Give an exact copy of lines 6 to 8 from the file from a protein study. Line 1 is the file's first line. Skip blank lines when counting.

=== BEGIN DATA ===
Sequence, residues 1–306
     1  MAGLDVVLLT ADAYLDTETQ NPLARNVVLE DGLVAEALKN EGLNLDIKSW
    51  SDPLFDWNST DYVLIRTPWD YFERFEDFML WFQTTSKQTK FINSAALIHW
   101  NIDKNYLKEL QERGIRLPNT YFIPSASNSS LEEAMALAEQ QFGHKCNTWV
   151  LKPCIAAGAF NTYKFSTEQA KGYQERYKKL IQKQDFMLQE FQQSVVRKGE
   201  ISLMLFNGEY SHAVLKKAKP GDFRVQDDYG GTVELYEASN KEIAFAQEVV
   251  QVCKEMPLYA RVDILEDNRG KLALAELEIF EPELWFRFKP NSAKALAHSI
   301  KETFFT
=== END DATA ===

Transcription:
   201  ISLMLFNGEY SHAVLKKAKP GDFRVQDDYG GTVELYEASN KEIAFAQEVV
   251  QVCKEMPLYA RVDILEDNRG KLALAELEIF EPELWFRFKP NSAKALAHSI
   301  KETFFT